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Holocaust Museum in Pan Pacific Park Wins Architecture Award

The LA Museum of the Holocaust, tucked into Pan Pacific Park at dusk. Photo courtesy of the AIA website.
The LA Museum of the Holocaust, tucked into Pan Pacific Park, at dusk. Photo courtesy of the AIA website: Photo credit: Iwan Baan & Benny Chan

Tucked into the hillside in the middle of Pan Pacific Park, the Los Angeles Museum of the Holocaust is so integrated into the existing landscape, many park visitors don’t even realize it’s there.

It is a modern amorphous structure that makes beautiful use of the setting in both physical and emotional ways, according to the American Institute of Architects  (AIA) that voted the museum a 2014 recipient of the Institute Honor Awards of Architecture.  As one juror for the AIA noted, “Descending into the museum is extremely important based on the physical, mental, and emotional transition one must go through in order to be prepared for the content.”

LA Museum of Holocaust2The museum, designed by Belzberg Architects Groupincludes a survivor presentation room, a children’s memorial, a library, and administrative and storage space.

To integrate the building into the open context, the structure was submerged. This strategy allowed the park’s landscape to continue over the museum’s roof, with existing pathways morphing to connect park users and museum visitors.

The building is the container for a non-linear story. The rooms are undivided, exhibit walls end before reaching the ceiling. The formed concrete roof is exposed inside the building, folding and compressing the space in response to the graphic intensity of the displays. The absolute-black smooth finish framing the displays creates a sharp contrast against the rough, exposed-concrete walls and ceiling. As visitors reach the end of the exhibits, which are organized chronologically, the space opens up again, letting daylight in and conveying a sense of relief. The concept behind this spatial dynamic is to reinforce the idea that the distance between normalcy and atrocity is indeed small.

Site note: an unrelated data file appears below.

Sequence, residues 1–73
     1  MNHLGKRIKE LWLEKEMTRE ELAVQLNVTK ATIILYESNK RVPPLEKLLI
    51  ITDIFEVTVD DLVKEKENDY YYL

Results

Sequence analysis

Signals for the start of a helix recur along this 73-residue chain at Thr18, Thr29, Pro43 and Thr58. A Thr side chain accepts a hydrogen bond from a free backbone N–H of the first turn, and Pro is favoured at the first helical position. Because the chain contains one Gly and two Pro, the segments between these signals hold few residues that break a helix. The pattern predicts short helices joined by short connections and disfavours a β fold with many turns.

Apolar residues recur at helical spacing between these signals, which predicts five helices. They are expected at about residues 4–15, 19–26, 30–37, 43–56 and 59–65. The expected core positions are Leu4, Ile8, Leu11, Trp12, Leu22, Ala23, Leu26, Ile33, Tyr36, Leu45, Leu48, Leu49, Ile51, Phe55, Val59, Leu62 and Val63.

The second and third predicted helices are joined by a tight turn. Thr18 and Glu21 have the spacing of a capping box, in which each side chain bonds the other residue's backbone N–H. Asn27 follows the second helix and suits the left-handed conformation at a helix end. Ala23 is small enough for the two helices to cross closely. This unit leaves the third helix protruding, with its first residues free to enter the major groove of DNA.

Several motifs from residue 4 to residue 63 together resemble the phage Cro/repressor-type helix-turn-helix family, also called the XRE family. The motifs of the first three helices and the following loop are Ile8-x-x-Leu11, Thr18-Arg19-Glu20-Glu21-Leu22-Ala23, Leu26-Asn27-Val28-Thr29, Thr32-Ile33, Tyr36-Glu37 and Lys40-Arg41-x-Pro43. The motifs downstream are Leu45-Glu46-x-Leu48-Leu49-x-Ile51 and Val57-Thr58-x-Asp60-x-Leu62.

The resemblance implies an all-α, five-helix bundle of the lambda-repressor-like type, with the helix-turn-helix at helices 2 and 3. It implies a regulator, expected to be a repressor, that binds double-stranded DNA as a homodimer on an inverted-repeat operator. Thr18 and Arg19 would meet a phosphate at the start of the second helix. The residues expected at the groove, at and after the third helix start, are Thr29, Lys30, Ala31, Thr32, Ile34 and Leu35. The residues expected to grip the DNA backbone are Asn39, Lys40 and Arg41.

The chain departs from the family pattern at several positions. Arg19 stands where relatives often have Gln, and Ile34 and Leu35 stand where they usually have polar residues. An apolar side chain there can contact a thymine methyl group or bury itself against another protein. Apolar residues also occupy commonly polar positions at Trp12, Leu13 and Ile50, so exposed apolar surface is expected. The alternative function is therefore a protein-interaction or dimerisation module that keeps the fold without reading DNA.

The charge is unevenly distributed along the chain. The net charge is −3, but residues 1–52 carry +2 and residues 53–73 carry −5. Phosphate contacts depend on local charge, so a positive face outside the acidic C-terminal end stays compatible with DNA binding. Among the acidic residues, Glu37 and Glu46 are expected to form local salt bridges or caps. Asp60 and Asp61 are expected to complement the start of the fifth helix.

(From the American Institute of Architects.)

LA Museum of Holocaust1Ready to explore the museum, both inside and out? Admission is free, and parking is easy in the Pan Pacific Park lot. The museum is open seven days a week.

The Los Angeles Museum of the Holocaust
100 S. Grove Drive
Los Angeles, CA 90036
Mon – Thu 10 am – 5 pm
Fri – 10 am – 2 pm
Sat – Sun 10 am – 5 pm

All photos © Iwan Baan & Benny Chan from the AIA website.

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Julie Grist
Julie Grist
Julie co-founded the Larchmont Buzz with fellow buzzer Mary Hawley in 2011 and served as Editor, Publisher and writer for the hive for many years until the sale of the Buzz in August 2015. She is still circling the hive as an occasional writer.

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